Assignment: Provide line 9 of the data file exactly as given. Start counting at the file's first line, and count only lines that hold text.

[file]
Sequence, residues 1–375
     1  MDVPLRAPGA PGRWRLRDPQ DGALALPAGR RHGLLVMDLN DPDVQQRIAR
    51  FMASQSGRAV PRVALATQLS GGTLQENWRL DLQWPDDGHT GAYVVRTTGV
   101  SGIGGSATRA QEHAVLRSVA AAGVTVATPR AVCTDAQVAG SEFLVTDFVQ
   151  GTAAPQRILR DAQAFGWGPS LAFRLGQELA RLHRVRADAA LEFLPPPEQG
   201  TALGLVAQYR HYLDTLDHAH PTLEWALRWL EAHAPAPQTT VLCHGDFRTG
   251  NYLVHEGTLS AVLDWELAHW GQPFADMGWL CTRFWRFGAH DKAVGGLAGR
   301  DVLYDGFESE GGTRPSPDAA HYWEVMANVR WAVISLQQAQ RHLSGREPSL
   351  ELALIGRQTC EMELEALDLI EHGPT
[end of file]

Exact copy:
   351  ELALIGRQTC EMELEALDLI EHGPT